Coach B just released the newest version of "Whole Brain Teaching for Challenging Kids", the manual to whole brain teaching in a K-6 classroom. I am reading it on my ipad using pdf Expert, and am loving that I am able to highlight important text using the highlighting tool! Such small things give me such joy! Ha!
I wanted to take a moment and jot down some of the most important points that really gave me an "a-ha!" moment. The three points in this post focus on WHY we need whole brain teaching techniques in the classroom. My next post will focus on HOW these techniques help to address our biggest teaching obstacles.
Point #1 (from pages 1 and 10): Coach really starts out strong. Right on page 1, I find a lighting-strike kind of big point. Coach probably took his glasses off as he wrote this one. He says, "If students' behavior could be controlled by angry adults, then kids from troubled families would be exceedingly polite." Such a profound statement. As a teacher, I tend to take misbehavior personally. My first instinct is to feel personally attacked by misbehavior. When I look back at my beginning years as a teacher, I asked myself over and over, "what is wrong with these kids?" But what I didn't realize was that I was what was wrong with these kids! MY behavior shaped their behavior - in the classroom anyway. I have worked over the past ten years to remind myself that misbehavior is just simply a student's way to earn the attention he isn't getting elsewhere. Any negative reaction that I have to student misbehavior simply adds to the negative behavior, it doesn't fix it. Continuing this point on page 10, Coach states that losing our temper with kids makes our teaching problem worse, it doesn't fix it. What must come first before fixing student behavior, is fixing OUR behavior; we need to fix the way we react to misbehavior before we can solve it. That doesn't mean there aren't consequences for negative behavior, it just means that we stop taking it personally. We have a system in place that both prevents it, as well as addresses it consistently, without more negative emotion attached.
Point #2 (from page 10-11): There are seven common mistakes that many teachers make, each outlined on these pages in the manual. I want to copy these pages and distribute them to every teacher in my district. Sitting in any lunchroom in any school across the country, I would bet that you would hear most of these mistakes being discussed everyday: "I really had to yell at Johnny today, he just won't sit in his seat!", "I"m not sure what I'm going to do in class today, I haven't done my plans yet!", "How many years do I have until retirement?", "I never take any work home with me, I leave right when the bell rings.", "I don't know why these kids can't turn in their homework, I always turned in my homework!", and the worst, "I have been doing the same thing for a long time, I don't need to change my lessons!". Teachers are so quick to complain about their students. Not because most teachers are complainers, but because most teachers just don't know what to do. Even in my school, which is a good school in a middle-class small town, many teachers just aren't equipped with the right tools to handle difficult students. It's the TOOLS that teachers need in order to be successful, and so many teachers have the heart but not the tools.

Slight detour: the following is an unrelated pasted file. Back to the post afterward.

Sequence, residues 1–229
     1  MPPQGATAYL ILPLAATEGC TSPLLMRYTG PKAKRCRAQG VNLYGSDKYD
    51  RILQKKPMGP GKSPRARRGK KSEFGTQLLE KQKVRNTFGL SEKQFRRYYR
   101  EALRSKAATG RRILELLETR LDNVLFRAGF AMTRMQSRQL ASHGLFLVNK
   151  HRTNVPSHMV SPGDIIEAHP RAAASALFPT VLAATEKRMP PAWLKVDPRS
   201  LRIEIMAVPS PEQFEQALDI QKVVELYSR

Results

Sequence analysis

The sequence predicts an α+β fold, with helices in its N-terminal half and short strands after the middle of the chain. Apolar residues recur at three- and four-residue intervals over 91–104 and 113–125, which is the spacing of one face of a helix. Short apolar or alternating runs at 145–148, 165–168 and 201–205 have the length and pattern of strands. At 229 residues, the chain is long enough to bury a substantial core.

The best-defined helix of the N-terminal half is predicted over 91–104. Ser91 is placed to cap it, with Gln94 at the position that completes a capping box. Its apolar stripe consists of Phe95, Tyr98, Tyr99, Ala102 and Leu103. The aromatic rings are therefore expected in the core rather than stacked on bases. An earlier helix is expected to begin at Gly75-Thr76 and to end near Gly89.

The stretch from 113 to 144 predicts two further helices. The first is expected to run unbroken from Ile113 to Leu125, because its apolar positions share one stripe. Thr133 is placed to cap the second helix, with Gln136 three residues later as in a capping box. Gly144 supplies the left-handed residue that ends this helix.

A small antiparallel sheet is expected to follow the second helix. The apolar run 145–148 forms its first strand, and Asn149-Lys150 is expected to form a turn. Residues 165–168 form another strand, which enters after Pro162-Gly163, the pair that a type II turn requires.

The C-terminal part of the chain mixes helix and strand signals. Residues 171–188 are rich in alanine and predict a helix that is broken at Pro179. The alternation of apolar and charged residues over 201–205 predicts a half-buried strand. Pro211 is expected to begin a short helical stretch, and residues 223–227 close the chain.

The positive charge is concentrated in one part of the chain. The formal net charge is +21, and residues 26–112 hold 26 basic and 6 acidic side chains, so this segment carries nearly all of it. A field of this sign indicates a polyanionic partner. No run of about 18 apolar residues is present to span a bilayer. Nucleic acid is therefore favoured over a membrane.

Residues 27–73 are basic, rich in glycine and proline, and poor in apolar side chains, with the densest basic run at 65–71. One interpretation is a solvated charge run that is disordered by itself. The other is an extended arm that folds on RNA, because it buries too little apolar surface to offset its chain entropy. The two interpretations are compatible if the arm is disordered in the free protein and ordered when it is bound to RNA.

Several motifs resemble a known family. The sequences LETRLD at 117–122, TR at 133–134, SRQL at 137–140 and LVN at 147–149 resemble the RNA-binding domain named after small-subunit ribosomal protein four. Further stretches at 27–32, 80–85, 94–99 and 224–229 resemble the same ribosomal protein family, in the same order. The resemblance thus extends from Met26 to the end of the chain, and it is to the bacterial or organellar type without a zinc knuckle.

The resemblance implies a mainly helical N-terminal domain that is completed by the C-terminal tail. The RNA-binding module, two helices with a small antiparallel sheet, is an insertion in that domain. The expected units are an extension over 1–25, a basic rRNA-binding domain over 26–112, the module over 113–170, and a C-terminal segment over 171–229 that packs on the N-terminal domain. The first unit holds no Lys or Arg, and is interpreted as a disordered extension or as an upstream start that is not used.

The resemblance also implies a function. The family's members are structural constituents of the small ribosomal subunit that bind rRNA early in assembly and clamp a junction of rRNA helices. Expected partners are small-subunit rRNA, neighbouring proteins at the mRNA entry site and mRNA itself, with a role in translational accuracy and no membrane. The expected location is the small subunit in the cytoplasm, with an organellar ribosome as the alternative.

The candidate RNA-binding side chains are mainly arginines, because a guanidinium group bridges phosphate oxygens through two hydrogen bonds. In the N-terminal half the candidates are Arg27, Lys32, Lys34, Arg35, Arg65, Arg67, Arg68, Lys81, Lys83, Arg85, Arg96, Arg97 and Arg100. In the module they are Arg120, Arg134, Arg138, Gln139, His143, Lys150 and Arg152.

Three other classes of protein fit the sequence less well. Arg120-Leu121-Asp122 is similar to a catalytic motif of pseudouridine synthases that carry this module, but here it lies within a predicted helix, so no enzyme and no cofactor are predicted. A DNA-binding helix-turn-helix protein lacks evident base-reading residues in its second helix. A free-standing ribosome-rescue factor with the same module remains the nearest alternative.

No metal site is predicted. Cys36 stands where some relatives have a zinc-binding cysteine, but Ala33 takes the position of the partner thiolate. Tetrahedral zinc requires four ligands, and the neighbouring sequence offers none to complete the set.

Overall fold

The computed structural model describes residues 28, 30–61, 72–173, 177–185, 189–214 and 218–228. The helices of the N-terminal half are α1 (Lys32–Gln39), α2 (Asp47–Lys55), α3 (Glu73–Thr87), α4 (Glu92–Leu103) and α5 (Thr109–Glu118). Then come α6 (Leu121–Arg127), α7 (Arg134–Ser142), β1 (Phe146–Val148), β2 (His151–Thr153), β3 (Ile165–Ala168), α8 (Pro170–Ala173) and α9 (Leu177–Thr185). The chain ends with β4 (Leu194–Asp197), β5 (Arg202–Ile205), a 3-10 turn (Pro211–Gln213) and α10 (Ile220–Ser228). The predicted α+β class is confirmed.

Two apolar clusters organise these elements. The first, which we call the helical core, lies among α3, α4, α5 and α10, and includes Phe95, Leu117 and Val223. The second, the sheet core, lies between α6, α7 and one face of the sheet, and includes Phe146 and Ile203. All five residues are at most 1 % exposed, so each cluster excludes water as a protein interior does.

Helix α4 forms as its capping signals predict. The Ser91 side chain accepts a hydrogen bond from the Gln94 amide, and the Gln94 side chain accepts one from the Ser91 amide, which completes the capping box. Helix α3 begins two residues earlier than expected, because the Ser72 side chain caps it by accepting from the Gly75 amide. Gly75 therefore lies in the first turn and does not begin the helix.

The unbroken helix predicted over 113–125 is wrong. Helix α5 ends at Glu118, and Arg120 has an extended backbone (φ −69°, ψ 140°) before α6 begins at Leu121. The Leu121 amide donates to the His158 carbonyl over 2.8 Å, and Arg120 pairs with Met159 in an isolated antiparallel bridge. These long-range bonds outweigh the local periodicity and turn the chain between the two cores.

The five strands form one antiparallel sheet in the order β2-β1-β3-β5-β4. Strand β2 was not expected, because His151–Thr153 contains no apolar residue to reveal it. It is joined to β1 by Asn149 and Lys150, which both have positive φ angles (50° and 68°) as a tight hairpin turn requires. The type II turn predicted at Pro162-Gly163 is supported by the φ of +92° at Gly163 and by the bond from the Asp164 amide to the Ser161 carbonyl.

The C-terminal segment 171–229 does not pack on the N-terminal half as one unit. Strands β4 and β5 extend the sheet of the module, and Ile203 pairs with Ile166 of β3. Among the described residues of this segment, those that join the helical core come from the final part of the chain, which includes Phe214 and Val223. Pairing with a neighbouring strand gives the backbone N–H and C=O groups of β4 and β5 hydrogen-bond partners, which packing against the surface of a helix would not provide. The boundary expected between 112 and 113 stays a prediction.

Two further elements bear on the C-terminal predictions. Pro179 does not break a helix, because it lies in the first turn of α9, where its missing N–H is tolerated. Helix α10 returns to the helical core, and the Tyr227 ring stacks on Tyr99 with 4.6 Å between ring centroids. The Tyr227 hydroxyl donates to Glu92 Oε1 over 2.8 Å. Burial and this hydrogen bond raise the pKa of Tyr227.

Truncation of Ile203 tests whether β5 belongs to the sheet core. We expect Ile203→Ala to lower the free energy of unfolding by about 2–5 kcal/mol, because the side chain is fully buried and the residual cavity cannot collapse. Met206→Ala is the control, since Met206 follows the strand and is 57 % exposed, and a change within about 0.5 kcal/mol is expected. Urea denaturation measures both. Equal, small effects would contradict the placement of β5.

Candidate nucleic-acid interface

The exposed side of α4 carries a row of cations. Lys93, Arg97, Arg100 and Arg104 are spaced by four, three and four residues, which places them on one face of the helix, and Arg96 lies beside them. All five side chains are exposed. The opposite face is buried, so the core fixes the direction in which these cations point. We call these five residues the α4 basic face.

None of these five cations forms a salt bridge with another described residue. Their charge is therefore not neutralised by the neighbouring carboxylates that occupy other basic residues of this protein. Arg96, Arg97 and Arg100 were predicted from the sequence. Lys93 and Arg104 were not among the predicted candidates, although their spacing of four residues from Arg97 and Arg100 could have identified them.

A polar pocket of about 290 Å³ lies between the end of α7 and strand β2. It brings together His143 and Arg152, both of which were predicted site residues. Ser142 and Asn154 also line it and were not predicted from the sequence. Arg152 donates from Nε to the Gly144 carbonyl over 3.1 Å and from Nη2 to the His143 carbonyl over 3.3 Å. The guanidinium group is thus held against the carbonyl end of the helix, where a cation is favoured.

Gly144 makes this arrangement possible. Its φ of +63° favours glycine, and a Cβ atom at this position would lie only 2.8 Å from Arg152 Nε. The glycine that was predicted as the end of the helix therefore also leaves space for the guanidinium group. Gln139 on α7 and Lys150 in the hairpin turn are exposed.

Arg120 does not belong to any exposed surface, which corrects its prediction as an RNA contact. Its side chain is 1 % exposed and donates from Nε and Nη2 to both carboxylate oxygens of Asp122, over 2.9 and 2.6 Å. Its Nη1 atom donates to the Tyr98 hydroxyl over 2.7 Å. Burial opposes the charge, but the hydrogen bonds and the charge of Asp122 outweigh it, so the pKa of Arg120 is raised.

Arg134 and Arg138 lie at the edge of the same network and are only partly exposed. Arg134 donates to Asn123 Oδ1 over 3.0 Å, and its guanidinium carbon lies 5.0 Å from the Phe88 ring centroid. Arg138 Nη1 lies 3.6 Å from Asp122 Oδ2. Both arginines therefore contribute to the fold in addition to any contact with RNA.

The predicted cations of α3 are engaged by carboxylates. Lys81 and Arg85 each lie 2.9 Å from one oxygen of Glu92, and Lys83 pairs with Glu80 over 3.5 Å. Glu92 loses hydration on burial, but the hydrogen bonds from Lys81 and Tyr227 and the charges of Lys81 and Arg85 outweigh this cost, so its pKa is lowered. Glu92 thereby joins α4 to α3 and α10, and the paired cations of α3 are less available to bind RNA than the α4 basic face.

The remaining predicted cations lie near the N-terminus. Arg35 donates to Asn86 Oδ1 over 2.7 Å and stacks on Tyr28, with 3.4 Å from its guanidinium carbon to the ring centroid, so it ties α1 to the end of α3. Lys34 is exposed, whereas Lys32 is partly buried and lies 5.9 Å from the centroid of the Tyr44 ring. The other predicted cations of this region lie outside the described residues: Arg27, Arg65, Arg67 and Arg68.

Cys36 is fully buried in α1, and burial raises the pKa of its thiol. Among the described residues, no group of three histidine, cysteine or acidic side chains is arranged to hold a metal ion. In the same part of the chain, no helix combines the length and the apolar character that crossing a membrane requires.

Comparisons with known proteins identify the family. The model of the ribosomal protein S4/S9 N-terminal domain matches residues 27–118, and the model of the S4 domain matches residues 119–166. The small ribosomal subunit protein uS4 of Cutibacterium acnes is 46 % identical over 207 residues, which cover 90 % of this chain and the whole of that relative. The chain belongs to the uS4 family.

Point #3 (from page 25): "We believe there will be no substantial educational reform until administrators, specifically principals, roll up their sleeves, step into rebellious classes, and show teachers how to instruct unruly students." WOW. What an amazing point. Most teachers chose this profession because they want to help kids. As discussed above, some just don't have the tools to handle rebellion. Principals spend so much time reacting to discipline issues; they call students to the office, hand out punishments, etc. I've never been in a school where the principal actually stepped into the classroom to help a teacher fix an unruly class. Now maybe the reason is because teachers usually don't like other adults stepping into their kingdom. I've heard many teachers say that they shut their doors and enjoy their bubble of seclusion. Maybe that's part of the problem too. More collaboration needs to happen between teachers and administrators. Collaboration to share ideas, techniques, and strategies. Collaboration and action together. I've sat through MANY meetings where everyone spends so much time talking about what's wrong with Johnny that there's no time left to figure out what to do to help Johnny.
Coming soon...the "Big 7"...